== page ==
Grit, edge and romance—Katie McGarry consistently and deftly fuses these elements to deliver stories that stay with you. The Thunder Road series is no different and with the third installment, Long Way Home, releasing January 31st, avid fans have much to anticipate.
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Damn if I understand why girls like getting flowers, but their faces light up, their lips will tilt upward and their eyes will glow as if you handed them the world. Hell, maybe it’s only the girls I’ve been around that react this way. Maybe their lives are so messed up that the idea of any guy offering them anything without expectation of payment blows their mind.
It’s sad, but it’s true, and I don’t mind being the person who can bring them one second of happiness.
Shamrock’s newest employee accepts the two daisies I “magically” made appear. I stole them—two tables down from a bouquet an army boy’s holding. Guess he plans on giving it to one of the cocktail waitresses. He didn’t notice I swiped the flowers and neither did anyone else. Fast hands, a distraction, and the world belongs to me.
“Thank you.” She glances away and my heart drops for her. She’s pretty. Early-twenties. Could do well working here at the bar, but with that attitude, she won’t make it through the night. There’s no room for modesty or shyness or emotion in order to make money at this joint.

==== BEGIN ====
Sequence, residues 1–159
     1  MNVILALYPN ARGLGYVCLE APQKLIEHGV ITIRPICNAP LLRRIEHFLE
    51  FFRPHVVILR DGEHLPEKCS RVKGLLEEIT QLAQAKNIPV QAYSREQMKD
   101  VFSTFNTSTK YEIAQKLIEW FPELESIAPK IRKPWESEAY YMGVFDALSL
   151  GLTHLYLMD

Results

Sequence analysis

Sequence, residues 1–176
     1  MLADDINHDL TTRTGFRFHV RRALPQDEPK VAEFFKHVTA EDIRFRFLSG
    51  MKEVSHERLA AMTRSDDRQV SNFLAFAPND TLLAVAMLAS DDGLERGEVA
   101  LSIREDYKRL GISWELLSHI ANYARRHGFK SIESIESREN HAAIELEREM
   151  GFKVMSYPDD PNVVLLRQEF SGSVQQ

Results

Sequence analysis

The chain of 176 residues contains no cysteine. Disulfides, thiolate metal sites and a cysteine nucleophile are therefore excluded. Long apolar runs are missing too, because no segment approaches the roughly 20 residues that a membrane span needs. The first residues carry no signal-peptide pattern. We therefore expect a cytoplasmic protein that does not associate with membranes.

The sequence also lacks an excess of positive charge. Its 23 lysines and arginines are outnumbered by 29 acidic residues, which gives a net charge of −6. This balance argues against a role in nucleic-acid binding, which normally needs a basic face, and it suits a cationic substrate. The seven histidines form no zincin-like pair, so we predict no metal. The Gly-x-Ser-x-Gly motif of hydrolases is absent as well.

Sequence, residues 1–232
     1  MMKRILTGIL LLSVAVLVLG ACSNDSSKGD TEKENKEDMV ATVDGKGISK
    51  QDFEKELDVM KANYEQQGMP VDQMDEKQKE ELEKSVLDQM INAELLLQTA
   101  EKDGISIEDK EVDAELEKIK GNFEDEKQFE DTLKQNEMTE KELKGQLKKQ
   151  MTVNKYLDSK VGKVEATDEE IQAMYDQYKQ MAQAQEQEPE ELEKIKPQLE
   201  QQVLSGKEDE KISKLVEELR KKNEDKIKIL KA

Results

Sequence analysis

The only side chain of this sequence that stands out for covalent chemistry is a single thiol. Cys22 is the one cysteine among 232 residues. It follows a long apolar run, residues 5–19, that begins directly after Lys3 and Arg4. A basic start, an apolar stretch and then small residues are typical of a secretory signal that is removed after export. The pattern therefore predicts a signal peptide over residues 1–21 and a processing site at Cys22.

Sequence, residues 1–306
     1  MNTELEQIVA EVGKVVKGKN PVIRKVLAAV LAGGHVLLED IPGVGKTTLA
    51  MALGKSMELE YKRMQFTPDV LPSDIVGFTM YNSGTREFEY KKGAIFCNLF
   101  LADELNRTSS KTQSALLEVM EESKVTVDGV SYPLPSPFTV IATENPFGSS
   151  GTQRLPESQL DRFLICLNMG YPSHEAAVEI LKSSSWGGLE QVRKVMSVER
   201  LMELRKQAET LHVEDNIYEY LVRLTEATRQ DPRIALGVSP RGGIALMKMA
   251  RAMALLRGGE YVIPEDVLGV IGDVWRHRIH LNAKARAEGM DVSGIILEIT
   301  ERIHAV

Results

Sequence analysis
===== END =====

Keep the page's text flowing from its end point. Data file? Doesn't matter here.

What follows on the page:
“Pretty girl like you,” I say with a wink, “will knock `em dead.”
“Do you work here?” she asks.
The bar’s manager and Mom’s best friend smacks me on the back of the head before I can answer no. “Stop flirting with my girls.” Brandy gestures at me while looking at the new girl. “Watch out for him, he thinks he can con anyone into loving him.”
“You love me,” I say.
“And I regret it most days.” But she says it with a smile. Brandy then offers her hand to her newest employee. “Come on, let me show you where the real magic happens.”
“My magic’s real,” I call out, and Brandy’s only response is a loud laugh. I can’t help but chuckle with her because she’s going to be pissed in a few minutes when she realizes I lifted her watch…again.
The new girl waves as she glances at me over her shoulder. I nod in response. The twenty in my pocket says she won’t be here when I pick Mom up later. Being a waitress here requires an iron shell.
With a thud, Mom props her overly large purse on the bar, slides off my leather jacket and hands it to me, revealing her low-cut tank and what she refers to her as jeans-that-make-her-money. She asked me to drop her off early since the other bartender called in sick.
I usually drive Mom in her car as she hates motorcycles, but her already pieced-together Ford from the 1980s died again this morning, and I haven’t had time to figure out what broke.
Mom sighs heavily when I slide Brandy’s watch to her. “Will you please stop stealing from people?”
“It’s not stealing if I give it back.” I grin, then grin wider when Mom’s lips twitch. Everyone’s born with a gift. My gift is fast hands. Too bad my only career options with it are street magician or thug pickpocket. Some days, my feet are as fast as my hands and that’s what makes me one hell of a football player.
“Tonight should be a money-maker.” Mom uses her phone to check her makeup.
I case the dimly lit place that’s occasionally brightened by the beams of colored lights bouncing off the dance floor and the stage where the DJ mixes music. Being near the army base is great for business, but can bring in a mix of a crowd.